They argue simultaneously that India virtually civilised the world. The notion of civilisation in this theory is a 19th century, colonial concept, now discarded by historians.



The other area of dispute arises yet again from their endorsing the colonial interpretation - the interpretation of Mill and Macaulay - that Indian history should be seen as the Hindu and the Muslim civilisations and the British period.



This views Hindu and Muslim communities as being monolithic and uniform, as well as permanently in conflict. Muslim rule, therefore, meant the oppression of Hindus.



If one looks at the medieval scene without the blinkers of Hindu and Muslim communalism, it is fascinating to see the interface between what we call the Hindus and the Muslims and between them and many others. An example of this is Eknath's, Hindu-Turk Samvad, that speaks freely and even critically of differences, but the context is one of living life together. What is also fascinating is that the medieval period is the time when many present-day rituals, practices and mythologies, were being formulated as a part of Hinduism. They drew from the interface of varying ways of life and beliefs, modulated over time. To say, therefore, that all Hindus religious practices derive from the Vedas is an artificial imposition of uniformity on a religion whose strength lies in its plurality.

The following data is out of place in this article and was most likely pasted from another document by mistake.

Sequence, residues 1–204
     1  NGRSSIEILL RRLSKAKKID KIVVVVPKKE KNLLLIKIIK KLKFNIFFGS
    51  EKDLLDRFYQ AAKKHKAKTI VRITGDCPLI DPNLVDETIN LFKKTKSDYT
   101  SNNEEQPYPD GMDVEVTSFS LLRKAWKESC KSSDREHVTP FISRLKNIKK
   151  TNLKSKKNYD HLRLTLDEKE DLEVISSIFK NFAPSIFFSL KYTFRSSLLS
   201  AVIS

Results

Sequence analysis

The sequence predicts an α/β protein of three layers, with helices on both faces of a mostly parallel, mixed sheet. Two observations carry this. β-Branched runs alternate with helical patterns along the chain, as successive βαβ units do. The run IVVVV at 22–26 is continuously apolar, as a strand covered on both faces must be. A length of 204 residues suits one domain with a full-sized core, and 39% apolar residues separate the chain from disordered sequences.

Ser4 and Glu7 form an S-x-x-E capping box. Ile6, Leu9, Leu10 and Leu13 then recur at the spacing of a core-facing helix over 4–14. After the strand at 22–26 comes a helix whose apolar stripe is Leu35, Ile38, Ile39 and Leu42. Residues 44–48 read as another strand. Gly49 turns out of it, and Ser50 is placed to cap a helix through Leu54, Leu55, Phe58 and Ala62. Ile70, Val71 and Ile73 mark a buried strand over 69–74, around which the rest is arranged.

(As told to Mahesh Daga)

Courtesy: The Times of India